Still, Swidler says, most dialogue groups don't necessarily meet all of his criteria, and every encounter is different.

Talking politics

One rule of thumb that many groups try to maintain is to be sensitive when discussing the Israeli-Palestinian conflict. While some Muslim-Jewish dialogue groups in the United States do not discuss the combat at all, most groups eventually must deal with tensions between American Muslims and Jews that result from the ongoing violence.

Reuven Firestone, a professor at Hebrew Union College in Los Angeles, noted that Muslim and Jewish dialogue is often structured around "issues," such as conflict and peace. By contrast, Jewish-Christian dialogue tends to focus on theology, he said, as Judaism and Christianity have fewer types of religious practices in common, such as dietary laws, than Judaism and Islam.

Jews and Muslims sometimes discuss their status as religious minorities or similarities in religious observances, but many groups also deal with fear and distrust because of hostilities in the Middle East. It is important to distinguish between religious issues and political topics, such as the nature of the Israeli-Palestinian conflict, Firestone said. At the same time, those issues can be intertwined. Firestone noted that Muslim-Jewish dialogue increased substantially in the United States after the Sept. 11 attacks.

Even groups that intentionally aim to address the Middle East conflict sometimes try to avoid talking about the issue right off the bat. If dialoguers are not careful, such discussion can shut down discourse before trust has developed between members. A heated debate quickly can degenerate into a blame game in which Jews and Muslims compare the tragedies that have befallen fellow adherents of their faiths.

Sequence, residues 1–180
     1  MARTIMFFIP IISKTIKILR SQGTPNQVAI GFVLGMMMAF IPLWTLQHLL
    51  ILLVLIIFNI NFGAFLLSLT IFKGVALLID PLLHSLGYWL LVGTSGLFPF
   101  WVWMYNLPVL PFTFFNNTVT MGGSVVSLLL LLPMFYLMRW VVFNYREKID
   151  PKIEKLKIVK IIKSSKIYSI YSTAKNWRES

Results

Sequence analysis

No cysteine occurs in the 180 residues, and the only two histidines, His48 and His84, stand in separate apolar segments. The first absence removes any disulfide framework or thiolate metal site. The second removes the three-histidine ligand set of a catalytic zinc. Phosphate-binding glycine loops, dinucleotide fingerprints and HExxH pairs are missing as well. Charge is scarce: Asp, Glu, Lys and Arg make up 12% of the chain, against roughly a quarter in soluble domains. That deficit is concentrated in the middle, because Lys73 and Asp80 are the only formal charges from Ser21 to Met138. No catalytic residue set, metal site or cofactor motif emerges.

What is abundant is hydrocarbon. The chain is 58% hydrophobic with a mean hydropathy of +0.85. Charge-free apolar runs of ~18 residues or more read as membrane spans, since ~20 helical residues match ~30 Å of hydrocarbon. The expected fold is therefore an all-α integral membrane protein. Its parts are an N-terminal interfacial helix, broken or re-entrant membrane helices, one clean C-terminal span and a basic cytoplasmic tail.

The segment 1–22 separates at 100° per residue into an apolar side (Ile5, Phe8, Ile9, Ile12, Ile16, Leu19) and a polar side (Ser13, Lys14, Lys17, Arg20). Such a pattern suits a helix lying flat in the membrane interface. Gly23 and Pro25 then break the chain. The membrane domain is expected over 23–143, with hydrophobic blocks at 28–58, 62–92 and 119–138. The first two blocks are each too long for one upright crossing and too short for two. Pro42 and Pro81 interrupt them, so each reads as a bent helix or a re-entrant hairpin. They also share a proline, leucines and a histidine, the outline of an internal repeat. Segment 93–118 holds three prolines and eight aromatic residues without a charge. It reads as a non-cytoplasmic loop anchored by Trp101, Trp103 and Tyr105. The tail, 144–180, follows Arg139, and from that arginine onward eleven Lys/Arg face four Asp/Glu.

Loskota of USC noted that many people who live outside of conflict zones shy from talking about the Israeli-Palestinian conflict because they have the luxury of doing so.

"Piling up dead bodies in conversation is not necessarily a good way to spend an afternoon," she said.

Still, that does not prevent the ongoing conflict from creeping into conversation, even at events that are not intended to deal with Middle East violence.

A case in point was the November 2008 West Coast kickoff to the international Weekend of Twinning campaign at Temple Emanuel in Beverly Hills. The first-time event paired off 44 mosques and synagogues and six groupings of university religious groups in an attempt to bring congregants together to jointly speak out against anti-Semitism and Islamophobia.         

Hints of ongoing Jewish-Muslim tension throughout the world were apparent from the start of the Twinning event, as security guards scoured each car that arrived in a parking lot across the street from the synagogue. Rabbi Laura Geller of Temple Emanuel said she was advised to take extra precautions to protect Jewish and Muslim participants alike. Before the event even started, she said she had received more than 30 emails from people who told her to cancel the assembly, saying that she was being naïve for wanting to engage in dialogue with Muslims.

Walter Ruby, coordinator of the Twinning campaign, likened such tactics from naysayers to the Red Scare of the 1950s.

"To me, much of that is McCarthyism, pure and simple," he said. "There are people out there who have an agenda to try to prevent what we are doing."